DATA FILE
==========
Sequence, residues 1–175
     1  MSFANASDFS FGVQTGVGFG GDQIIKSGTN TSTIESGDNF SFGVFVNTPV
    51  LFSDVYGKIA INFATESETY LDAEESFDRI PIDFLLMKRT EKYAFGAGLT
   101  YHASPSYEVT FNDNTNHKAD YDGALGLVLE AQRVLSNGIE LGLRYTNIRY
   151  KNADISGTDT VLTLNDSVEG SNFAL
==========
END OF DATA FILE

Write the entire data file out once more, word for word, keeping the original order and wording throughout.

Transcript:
Sequence, residues 1–175
     1  MSFANASDFS FGVQTGVGFG GDQIIKSGTN TSTIESGDNF SFGVFVNTPV
    51  LFSDVYGKIA INFATESETY LDAEESFDRI PIDFLLMKRT EKYAFGAGLT
   101  YHASPSYEVT FNDNTNHKAD YDGALGLVLE AQRVLSNGIE LGLRYTNIRY
   151  KNADISGTDT VLTLNDSVEG SNFAL